As we reach the 3rd round of World Cup matches, we have been blessed with plenty of fantastic rugby, even if the heat and humidity has led to a high number of handling errors. However, all that rugby was overshadowed in the news for the best part of a week, focusing on just a couple of seconds on the pitch.
The second match of the tournament saw Australia take on Fiji in a match that I thought had the potential to be the big upset of the tournament. It certainly looked like it could go that way, as Fiji started strong and had control for much of the first half. With 25 minutes on the clock and the score at 7-11 to Fiji, the islanders released Peceli Yato – who to this point had been the best player on the pitch – down the 5m channel following a lineout. The back row made good ground, before eventually being felled by a combination of Nic White and Reece Hodge. While White’s tackle was fine, Hodge’s didn’t look right on first viewing and it looked even worse as the broadcasters replayed it. There was little (to none) attempt to wrap an arm and there was clearly contact with Yato’s head – so much so that Yato was forced off the field for a HIA, which he failed!
Now let’s take a moment here to remind ourselves of the new high tackle framework that was brought in at the end of last season:
Apply that to the Hodge tackle. Is there foul play? Yes. Is it a shoulder charge or high tackle? The framework describes a shoulder charge as the tackling arm being behind the body or in a sling position, so while there is no real attempt to wrap – High Tackle. Shoulder/arm? Shoulder. Direct to the head/neck? Yes. Degree of danger? Hodge is attempting a dominant tackle – High. Before looking for mitigating factors, are there any aggravating factors? Hodge has a clear line of sight in open space – Yes. As there are aggravating factors, mitigating factors do not come into consideration. Result: RED CARD
So what happened in the match? Well apparently nothing. Play appeared to continue without referee Ben O’Keeffe referring the challenge to TMO Rowan Kitt – O’Keeffe would have been largely unsighted as he was behind Yato – or Kitt intervening in the game. So Fiji lost one of their stars and Australia, who should have played over half the game a man down, kept 15 men on the field. Even more galling, Hodge went on to contribute 8 points in a 39-21 victory. It was later revealed that the challenge was referred to the TMO, but Kitt felt that it was acceptable. Given that the referral wasn’t clear to TV viewers, it must have been the most cursory look from Kitt and I struggle to see how he could have not felt that this deserved even a penalty according to the framework if he was doing his job properly.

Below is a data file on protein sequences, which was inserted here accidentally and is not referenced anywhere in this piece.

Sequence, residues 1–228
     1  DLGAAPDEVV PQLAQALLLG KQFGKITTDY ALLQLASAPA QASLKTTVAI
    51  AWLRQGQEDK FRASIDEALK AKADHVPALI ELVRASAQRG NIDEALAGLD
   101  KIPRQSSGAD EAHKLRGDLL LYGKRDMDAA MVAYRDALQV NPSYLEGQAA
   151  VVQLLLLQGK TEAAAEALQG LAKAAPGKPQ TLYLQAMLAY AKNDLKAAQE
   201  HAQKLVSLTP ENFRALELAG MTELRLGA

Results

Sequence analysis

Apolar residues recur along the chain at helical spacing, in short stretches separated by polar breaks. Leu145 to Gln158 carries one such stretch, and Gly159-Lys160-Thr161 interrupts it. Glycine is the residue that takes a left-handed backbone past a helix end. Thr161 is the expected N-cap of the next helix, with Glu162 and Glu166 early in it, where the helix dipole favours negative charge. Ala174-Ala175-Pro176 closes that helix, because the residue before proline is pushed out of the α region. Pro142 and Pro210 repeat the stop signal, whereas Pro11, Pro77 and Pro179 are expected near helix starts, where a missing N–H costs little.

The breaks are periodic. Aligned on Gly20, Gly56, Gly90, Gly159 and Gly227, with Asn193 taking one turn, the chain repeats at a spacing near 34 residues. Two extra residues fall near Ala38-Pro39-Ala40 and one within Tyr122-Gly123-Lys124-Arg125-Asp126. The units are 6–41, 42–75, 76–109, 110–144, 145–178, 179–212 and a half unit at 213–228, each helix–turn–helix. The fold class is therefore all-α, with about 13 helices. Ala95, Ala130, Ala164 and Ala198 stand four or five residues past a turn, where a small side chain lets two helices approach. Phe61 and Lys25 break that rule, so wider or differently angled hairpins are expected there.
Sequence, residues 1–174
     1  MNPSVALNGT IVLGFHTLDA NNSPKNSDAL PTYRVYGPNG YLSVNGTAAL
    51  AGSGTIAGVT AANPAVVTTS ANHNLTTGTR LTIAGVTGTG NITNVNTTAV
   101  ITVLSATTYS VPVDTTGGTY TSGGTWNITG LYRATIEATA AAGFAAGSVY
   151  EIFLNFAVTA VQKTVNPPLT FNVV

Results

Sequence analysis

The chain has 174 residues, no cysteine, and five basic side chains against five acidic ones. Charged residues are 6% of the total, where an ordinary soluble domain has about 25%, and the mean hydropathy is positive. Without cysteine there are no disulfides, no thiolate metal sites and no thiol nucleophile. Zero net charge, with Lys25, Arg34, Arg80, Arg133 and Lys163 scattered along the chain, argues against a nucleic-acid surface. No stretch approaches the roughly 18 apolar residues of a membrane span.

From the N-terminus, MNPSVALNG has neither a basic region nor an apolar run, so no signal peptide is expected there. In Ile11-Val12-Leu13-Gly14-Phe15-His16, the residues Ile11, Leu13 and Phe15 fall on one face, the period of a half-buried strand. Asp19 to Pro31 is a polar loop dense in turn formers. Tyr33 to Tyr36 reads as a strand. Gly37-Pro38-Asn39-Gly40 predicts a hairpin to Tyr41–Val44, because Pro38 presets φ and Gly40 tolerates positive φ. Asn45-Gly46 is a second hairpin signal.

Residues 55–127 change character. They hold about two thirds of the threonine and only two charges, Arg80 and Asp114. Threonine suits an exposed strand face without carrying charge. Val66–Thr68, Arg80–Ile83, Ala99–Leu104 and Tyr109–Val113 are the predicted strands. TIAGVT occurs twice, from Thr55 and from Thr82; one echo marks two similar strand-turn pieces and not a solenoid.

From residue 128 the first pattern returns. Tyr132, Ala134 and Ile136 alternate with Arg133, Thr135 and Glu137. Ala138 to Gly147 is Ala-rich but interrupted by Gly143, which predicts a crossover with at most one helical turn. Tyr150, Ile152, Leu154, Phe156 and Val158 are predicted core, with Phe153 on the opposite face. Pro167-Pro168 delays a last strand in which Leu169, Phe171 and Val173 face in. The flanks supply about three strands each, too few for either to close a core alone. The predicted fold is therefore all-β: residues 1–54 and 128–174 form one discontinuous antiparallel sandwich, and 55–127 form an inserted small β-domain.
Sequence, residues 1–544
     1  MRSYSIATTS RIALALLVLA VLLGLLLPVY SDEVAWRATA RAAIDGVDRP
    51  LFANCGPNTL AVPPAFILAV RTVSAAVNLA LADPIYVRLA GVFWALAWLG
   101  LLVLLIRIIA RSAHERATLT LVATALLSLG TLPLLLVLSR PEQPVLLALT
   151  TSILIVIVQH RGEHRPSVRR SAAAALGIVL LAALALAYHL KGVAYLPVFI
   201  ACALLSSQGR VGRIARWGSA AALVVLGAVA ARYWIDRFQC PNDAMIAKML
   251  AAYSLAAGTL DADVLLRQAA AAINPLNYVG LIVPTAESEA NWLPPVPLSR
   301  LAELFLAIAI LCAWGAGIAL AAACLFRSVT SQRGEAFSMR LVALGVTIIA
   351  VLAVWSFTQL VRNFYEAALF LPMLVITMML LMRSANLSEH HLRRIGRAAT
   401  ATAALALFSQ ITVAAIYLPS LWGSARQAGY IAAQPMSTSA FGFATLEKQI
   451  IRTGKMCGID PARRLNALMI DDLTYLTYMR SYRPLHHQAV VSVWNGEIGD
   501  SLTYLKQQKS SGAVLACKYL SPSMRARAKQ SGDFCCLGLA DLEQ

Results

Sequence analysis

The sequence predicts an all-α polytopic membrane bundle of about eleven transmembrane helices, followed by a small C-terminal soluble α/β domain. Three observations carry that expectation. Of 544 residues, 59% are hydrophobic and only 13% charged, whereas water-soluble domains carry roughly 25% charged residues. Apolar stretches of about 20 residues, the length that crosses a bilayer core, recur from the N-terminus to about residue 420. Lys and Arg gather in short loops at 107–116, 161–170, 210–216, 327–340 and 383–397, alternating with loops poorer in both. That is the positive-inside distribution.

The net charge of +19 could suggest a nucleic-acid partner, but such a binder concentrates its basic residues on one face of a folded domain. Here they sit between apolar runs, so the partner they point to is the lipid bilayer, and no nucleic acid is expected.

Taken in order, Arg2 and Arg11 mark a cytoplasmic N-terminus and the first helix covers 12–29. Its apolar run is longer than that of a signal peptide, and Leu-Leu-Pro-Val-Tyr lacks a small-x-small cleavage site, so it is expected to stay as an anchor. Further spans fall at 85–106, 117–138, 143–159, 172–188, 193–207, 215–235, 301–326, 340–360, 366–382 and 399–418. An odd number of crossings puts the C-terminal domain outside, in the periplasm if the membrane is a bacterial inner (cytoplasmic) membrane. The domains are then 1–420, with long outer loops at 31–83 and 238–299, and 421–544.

Unsurprisingly, Hodge was cited following the match and ended up with a 3-week ban (cut down from 6 weeks).
While this could have been everything and the end of a poor moment from the TMO, the story only continues as reactions came in to the citing and ban. Michael Cheika blasted the Fijian coaches for being nice to his face and going behind his back to report the tackle to the citing commissioners. This is such a pathetic argument as the coaches have no responsibility to tell Cheika they are referring the incident, while it is hard to imagine the citing commissioner would not have chosen to review the incident anyway. Cheika also refused to accept that the challenge was a red card – even when saying they will not appeal the ban. The framework clearly proves that it was a red card, but as Cheika said following a penalty against Samu Kerevi in Australia’s match against Wales “I honestly don’t know the rules anymore.” – Pretty embarrassing for the head coach of a Tier 1 international team.
Things only got worse as the report form the tribunal made note that Hodge was unaware of the high tackle framework. As I said to some of my friends who were keeping up with the tournament, if a fan like me can have a copy of the framework saved to their phone (yes, I need a life) then there is no excuse for a professional playing for a Tier 1 nation to not know the framework. I would have also thought that given the number of players who were given red cards during the World Rugby U20 Championship, teams would have made sure their players were aware of the framework. Poor from the player, poor from the coaches. But even without knowing the framework, a tackle that involves contact with a ball carrier’s head has not been legal for years… there was no excuse to tackle that high.
Sadly, it wasn’t just Michael Cheika questioning the merits of a red card. Commentating on the match, Ben Kay chose to praise Hodge for putting in a hit rather than comment on the illegality of it. Clive Woodward went even further following the ban to tweet that it was a yellow card at most. If even the officials, pundits and commentators can’t stick to World Rugby’s frameworks when looking at an incident, what hope has the general public got of understanding what is legal? With player safety such a big issue, things need to improve.
Sadly in this case, Yato’s failed HIA meant that he was unavailable for Fiji’s loss to Uruguay that has effectively ended their chances of making the quarterfinals. Reece Hodge will miss Australia’s remaining pool games but return for the knockouts. Looking at everyone involved in this affair, it’s hard to argue that anyone comes out a winner.